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Can “Magic Mushrooms” Be a Solution to Anxiety and Depression – If FDA Give Its Blessing?

Anxiety and depression are two leading factors for disability claims. With about 29 states and the District of Columbia now permitting the use of medical marijuana, and cannabis now showing up seemingly everywhere, from your breakfast smoothie to skin care, what’s coming next?

According to this article from Vogue, “Magic Mushrooms” May Be an FDA-Approved Drug for Anxiety and Depression in the Near Future,” what’s coming next is likely to be psilocybin, the naturally occurring hallucinogen found in certain types of mushrooms. That’s from researchers at the prestigious Johns Hopkins, where a team has been studying the impact of psilocybin for years. In early October, the team released a paper recommending the drug be reclassified from Schedule 1, which includes substances with no accepted medical use and a high rate of abuse) to Schedule IV, which contains drugs with a low risk of abuse and dependence and are available without prescription.

The study sounds small—51 cancer patients with substantial depression and/or anxiety attributed to their cancer – people who suffer from “existential distress who can’t live their lives.” But only a single high dose session resulted in a drastic reduction in anxiety and depression. And the effects remained in place six months later.

As for what makes this substance so effective, the researchers noted that the compound has a radical effect on the conscious experience, a profound effect on an individual’s sense of self which in most cases can lead to a life-altering learning experience. This is not the first time that the use of hallucinogenics have been described as creating a reality shift that includes enhancing or clarifying a sense of unity in the universe and becoming more at peace with concepts like mortality, but the cultural context may be ready for the idea of using psilocybin in the mainstream.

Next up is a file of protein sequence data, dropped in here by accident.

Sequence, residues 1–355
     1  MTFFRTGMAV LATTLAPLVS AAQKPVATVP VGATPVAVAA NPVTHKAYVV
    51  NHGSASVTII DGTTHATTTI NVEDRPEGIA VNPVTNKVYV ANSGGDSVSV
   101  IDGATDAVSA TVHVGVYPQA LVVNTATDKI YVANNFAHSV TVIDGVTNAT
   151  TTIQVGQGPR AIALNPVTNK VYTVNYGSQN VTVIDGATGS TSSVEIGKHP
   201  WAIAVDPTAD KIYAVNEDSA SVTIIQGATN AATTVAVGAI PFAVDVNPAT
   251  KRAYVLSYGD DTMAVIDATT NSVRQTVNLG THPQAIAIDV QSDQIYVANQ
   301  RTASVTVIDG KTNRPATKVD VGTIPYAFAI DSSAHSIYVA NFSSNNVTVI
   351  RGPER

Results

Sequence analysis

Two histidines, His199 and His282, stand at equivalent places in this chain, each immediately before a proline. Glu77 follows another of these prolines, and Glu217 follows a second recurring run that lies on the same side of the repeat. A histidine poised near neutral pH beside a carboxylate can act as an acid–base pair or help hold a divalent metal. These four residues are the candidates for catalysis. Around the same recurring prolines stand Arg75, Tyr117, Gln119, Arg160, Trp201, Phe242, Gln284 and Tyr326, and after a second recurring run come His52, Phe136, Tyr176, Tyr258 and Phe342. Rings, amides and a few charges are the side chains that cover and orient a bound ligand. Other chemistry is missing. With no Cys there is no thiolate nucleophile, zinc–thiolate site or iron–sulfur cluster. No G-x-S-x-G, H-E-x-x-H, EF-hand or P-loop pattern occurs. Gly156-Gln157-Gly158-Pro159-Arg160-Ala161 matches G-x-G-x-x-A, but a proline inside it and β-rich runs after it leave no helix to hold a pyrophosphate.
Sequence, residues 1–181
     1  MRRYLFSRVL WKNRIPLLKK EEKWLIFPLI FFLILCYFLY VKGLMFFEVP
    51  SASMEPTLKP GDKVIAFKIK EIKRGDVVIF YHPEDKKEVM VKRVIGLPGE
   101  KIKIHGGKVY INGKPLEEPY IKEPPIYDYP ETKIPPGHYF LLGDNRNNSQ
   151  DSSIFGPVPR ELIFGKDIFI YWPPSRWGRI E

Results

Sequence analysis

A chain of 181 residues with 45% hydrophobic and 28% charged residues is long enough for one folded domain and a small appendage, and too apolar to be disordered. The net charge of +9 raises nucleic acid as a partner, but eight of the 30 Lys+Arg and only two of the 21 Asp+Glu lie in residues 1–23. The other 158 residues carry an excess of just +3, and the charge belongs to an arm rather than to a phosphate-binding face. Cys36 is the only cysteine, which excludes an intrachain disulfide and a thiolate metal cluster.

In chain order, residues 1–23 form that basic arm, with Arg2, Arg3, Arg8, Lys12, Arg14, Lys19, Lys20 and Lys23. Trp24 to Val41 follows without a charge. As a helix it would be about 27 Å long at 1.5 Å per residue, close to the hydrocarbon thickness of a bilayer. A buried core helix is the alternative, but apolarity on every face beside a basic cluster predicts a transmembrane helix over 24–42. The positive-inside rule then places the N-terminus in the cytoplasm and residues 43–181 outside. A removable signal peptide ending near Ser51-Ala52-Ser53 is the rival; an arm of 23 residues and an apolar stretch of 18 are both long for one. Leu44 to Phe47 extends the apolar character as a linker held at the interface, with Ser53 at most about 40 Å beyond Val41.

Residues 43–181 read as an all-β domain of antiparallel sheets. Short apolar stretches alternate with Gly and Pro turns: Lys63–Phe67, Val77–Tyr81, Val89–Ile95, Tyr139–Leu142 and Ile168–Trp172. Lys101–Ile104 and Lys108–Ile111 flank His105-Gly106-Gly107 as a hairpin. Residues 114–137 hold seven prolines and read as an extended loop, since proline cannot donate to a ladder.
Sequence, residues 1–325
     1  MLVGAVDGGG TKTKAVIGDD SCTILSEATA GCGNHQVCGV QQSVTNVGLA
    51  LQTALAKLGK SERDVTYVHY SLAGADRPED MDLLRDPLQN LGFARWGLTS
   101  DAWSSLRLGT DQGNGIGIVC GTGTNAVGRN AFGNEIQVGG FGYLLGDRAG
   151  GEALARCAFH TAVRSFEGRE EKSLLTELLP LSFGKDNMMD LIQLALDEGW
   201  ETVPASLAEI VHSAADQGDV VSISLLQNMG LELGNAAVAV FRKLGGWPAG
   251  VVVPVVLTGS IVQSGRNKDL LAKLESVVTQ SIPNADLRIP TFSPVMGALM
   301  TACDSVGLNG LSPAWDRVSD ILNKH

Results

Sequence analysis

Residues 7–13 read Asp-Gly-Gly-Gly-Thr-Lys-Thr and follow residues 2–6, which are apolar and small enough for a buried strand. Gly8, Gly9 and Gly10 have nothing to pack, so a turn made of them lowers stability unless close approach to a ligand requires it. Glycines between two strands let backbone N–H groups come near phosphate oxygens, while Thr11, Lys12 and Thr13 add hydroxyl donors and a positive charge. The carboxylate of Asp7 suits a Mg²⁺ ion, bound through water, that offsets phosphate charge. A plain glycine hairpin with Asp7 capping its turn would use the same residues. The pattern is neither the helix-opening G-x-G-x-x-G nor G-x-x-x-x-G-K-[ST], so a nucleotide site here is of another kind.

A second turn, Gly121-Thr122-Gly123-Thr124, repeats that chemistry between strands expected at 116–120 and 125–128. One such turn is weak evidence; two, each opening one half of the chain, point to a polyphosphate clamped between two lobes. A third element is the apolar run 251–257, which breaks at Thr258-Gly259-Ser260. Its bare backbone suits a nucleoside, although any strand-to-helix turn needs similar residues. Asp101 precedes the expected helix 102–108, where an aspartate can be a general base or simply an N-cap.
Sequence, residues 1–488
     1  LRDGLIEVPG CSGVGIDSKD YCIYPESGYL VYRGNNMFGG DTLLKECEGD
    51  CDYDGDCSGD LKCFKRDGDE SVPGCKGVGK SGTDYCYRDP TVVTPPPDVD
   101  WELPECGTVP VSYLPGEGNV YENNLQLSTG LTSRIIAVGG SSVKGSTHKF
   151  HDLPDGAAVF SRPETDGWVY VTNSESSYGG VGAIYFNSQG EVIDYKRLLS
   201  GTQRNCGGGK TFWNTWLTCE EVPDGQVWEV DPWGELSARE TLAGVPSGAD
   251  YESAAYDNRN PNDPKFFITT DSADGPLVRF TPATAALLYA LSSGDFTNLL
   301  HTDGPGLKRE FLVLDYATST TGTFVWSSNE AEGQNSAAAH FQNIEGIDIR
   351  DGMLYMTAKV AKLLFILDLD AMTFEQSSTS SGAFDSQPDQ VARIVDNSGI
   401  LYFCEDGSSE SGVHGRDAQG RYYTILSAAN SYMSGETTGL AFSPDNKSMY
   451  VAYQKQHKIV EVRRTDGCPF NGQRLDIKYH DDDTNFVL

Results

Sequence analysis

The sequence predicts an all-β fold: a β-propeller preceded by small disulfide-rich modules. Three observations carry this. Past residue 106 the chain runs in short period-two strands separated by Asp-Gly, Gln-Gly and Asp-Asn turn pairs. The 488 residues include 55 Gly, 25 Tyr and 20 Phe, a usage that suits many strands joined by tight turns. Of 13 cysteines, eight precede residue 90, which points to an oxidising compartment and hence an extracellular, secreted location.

The researchers note that how the compound is ingested is extremely important. There has been a lot written recently, including a popular book, about the use of microdosing psilocybin, self-medicating by using small amounts to manage anxiety and depression.

One placebo group received continuous low doses and did not feel any effect at all. For the psilocybin to be effective, it needs to be in high dosages done under the supervision of a trained psychiatrist and in a safe environment. The potential for someone to experience a “bad trip” is still present, because of the high dosage, and that did happen during the course of the research. Researchers say the drug led some participants to re-experience trauma but working through it with a trained professional was important to transform the negative into a powerful learning experience.

The mainstream use of psilocybin is likely to be more than five years away, because clinical studies and trials take a long time. But this may be a powerful new tool for psychiatry. While many people are healed by serotonin reuptake inhibitors—most of today’s antianxiety and depression medications –not everyone benefits.  This is apparently part of the medical field’s “psychedelic renaissance”,

References: Vogue (October 6, 2018) “Magic Mushrooms” May Be an FDA-Approved Drug for Anxiety and Depression in the Near Future” ; Newsweek (August 23, 2018), ”FDA Approves Psychedelic Magic Mushrooms Ingredient Psilocybin for Depression Trial”



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